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Technicians Wanted Part IV: Dealers compete to recruit, develop diesel techs

Jason Cannon September 1, 2014

Climbing truck sales over the last two years have increased competition for techs among dealers and left them struggling to find the best ways to woo new recruits. Most use a several-pronged approach including local tech schools, classified ads and specialty recruiting sites.

RELATED: Technicians Wanted Part III: The changing face of tech candidates

Montgomery, Ala.-based Four Star Freightliner advertises its vacancies online and recruits from Finish First, a 12-week Daimler Truck elective training platform at Universal Technical Institute, says Sherrie Moore, human resources manager. “We find our best method is word of mouth from other techs,” she says.

Al Clark, diesel tech instructor at Lane Community College, Eugene, Ore., says the best way to assure dealers have access to highly-qualified applicants is personal involvement. “You want to make sure the industry people are getting involved in their local college,” he says.

That’s the path New Jersey-based Campbell Supply has taken. “We are a major sponsor and also sit on the board of a local diesel technical school,” Campbell Supply President Scott Campbell says. “We attend numerous job fairs that the school conducts. We participate in veterans’ job fairs across the state. We also are a member of the Universal Technical Institute and participate in their technician recruitment program.”

Clark suggested other dealers and OEMs follow that path. “Give us a hand,” he says. “It’s your guys, the technicians, that we’re grooming.”

Rush Enterprises has shouldered some of the responsibility for tech training internally by developing a yearlong mentoring program for new technicians. The program “develops not only the younger technicians that are coming into the business, but it also develops the technicians that are more mature and wanting to refine their leadership skills,” says Mike Besson, Rush’s vice president of service operations.

“The interesting part, on the flip-side, is watching the development of the mentor, not just the mentee,” he says. “The mentor gets a grade, too. What kind of leader was he?”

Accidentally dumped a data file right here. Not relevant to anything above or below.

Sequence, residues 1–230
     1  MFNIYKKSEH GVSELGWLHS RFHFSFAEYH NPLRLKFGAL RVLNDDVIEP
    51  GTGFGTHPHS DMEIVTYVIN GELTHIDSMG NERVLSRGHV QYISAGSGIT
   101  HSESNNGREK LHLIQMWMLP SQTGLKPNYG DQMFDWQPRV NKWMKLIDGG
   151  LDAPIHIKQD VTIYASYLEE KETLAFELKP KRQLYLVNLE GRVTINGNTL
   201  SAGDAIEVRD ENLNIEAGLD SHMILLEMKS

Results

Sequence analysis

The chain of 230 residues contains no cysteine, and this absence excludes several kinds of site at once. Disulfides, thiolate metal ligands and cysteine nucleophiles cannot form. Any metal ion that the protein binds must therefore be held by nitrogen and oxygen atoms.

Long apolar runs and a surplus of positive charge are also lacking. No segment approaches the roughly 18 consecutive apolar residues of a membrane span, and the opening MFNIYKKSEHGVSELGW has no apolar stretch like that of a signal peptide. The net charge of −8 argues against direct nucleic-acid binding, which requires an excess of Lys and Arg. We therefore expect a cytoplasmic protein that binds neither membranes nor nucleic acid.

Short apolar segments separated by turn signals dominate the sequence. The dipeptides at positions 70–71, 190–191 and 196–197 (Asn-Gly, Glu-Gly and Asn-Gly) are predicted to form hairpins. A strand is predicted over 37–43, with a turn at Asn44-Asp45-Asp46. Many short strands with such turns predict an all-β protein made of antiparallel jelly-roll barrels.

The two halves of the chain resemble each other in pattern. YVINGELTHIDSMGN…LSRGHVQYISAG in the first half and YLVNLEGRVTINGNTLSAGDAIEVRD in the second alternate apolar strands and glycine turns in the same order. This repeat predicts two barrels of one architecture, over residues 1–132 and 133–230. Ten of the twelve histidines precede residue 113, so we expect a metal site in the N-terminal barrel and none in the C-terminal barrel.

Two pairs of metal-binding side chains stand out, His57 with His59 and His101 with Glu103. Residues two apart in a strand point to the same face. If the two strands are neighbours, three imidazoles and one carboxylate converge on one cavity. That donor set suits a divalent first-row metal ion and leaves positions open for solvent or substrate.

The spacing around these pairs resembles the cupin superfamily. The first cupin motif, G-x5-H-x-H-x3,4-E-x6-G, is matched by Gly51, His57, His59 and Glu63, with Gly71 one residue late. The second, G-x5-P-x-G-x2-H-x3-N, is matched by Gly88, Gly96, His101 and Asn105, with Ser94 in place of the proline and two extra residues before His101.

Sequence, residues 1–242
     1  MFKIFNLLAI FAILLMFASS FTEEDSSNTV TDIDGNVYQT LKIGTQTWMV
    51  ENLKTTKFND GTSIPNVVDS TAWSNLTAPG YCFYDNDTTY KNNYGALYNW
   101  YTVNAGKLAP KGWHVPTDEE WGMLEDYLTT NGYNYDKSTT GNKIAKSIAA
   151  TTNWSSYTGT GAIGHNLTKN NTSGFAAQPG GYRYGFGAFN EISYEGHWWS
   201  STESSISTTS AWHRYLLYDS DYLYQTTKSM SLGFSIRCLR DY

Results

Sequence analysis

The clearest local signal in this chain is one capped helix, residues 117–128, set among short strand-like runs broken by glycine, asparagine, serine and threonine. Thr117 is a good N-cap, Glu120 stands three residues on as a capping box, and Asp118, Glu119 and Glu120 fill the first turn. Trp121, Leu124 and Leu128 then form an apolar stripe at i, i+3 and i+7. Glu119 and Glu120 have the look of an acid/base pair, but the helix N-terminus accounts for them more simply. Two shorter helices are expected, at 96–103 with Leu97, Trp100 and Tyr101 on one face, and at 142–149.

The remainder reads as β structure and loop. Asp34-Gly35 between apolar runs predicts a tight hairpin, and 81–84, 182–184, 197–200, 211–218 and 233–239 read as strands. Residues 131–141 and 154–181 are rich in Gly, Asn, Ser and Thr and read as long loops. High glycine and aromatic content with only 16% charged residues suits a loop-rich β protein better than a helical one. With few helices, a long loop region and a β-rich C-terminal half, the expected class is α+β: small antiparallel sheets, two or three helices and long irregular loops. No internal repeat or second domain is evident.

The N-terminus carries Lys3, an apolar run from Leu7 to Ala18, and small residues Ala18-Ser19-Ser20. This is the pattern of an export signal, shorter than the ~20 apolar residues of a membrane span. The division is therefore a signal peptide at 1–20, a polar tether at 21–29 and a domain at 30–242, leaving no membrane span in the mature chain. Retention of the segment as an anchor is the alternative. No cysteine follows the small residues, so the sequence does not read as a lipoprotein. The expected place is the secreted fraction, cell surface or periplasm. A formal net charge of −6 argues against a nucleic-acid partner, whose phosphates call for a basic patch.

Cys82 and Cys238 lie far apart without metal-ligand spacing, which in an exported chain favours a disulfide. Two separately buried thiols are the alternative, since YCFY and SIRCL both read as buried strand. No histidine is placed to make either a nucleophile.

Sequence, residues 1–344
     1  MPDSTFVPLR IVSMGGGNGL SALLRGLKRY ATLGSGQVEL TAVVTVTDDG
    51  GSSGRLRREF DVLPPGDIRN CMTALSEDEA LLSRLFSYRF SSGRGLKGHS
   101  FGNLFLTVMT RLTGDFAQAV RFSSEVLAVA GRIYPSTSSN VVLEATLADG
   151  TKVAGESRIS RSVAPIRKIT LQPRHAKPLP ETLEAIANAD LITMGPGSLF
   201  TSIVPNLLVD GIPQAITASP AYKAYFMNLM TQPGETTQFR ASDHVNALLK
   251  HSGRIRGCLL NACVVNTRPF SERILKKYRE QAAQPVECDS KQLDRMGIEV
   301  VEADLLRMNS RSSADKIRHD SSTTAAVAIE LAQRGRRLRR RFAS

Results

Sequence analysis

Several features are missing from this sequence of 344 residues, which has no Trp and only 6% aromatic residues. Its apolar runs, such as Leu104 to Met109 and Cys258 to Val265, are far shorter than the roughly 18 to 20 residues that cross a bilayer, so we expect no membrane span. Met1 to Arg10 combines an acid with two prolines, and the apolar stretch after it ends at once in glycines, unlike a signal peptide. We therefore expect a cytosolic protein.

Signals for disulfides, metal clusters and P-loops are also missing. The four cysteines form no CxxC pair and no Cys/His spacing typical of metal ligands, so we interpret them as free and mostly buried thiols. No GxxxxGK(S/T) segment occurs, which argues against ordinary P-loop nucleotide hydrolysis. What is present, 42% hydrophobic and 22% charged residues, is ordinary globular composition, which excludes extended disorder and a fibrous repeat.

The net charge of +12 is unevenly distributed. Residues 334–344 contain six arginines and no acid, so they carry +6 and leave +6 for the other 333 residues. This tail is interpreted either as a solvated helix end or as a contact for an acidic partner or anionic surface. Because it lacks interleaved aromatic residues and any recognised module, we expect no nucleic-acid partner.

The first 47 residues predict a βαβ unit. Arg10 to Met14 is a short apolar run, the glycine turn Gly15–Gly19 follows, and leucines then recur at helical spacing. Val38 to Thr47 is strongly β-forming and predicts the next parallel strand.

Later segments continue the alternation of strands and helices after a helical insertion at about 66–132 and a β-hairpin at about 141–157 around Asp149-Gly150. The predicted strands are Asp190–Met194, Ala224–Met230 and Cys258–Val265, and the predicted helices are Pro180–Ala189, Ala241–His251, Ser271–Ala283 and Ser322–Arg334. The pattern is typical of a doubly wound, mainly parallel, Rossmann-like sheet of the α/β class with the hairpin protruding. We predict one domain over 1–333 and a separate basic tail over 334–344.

Rush Enterprises also has a recruiting department and has a relationship with CareerBuilder to list vacancies. But Besson says it’s the job of all company employees to seek out qualified applicants.

“Everybody in a location is a recruiter. I don’t care what your job is,” he says. “We do a very good job of working at selling ourselves as being the place to go to buy parts and service. It’s just as important that you badge yourself and sell yourself as the place to work.”

Expansion has driven Campbell’s need for applicants, and even being deeply involved with a local program hasn’t made the search necessarily easier. “We are constantly in the hunt for qualified technicians,” he says. “In September 2013 we moved into a new facility and almost doubled our service capacity. This intensified our need for technicians,” he says. “(It is) always a challenge finding techs. We are located in New Jersey where there are many dealers and independent shops competing for a small technician pool.”

SIDEBAR: Technician pay varies by location, segment

Omaha, Neb.-based Truck Center Companies has implemented a recruitment approach designed to reach students before they leave high school, meeting them on the playground of the 21st century – the Internet. The company has created a series of 10 “webisodes” to introduce high school students to the technical career path.

TCI“We looked at the state of the industry and our own business and decided to do something proactive about it,” says Trey Mytty, Truck Center Companies CEO. “Being a diesel technician is a rewarding career. Without them, the trucks that deliver goods and raw materials across the U.S. can’t stay on the road. They really keep America going.”

Mytty says the video series is designed to showcase the need for qualified technicians, but also detail the daily demands of the job. To build awareness about the video series, Truck Center Companies is sponsoring a contest and has invited nearly 1,000 high schools in Nebraska, Kansas and Iowa to participate by displaying posters and encouraging their students to watch the webisodes. Schools with the most participation will win a Lenovo laptop.

“Students today are media-savvy, so we wanted to deliver our message in a way that is both educational and entertaining,” Mytty says.

  • bozzer 52

    I’ve been a diesel mechanic for 33 years, there’s no way in hell I would
    work in a flat rate shop, it’s no wonder shops are losing mechanics,
    flat rate was used in the 80’s at most dealerships, and it was a
    disaster. No matter what is said here, pay is still the #1 problem with
    retaining mechanics.This is why so many mechanics leave the industry at an early age.

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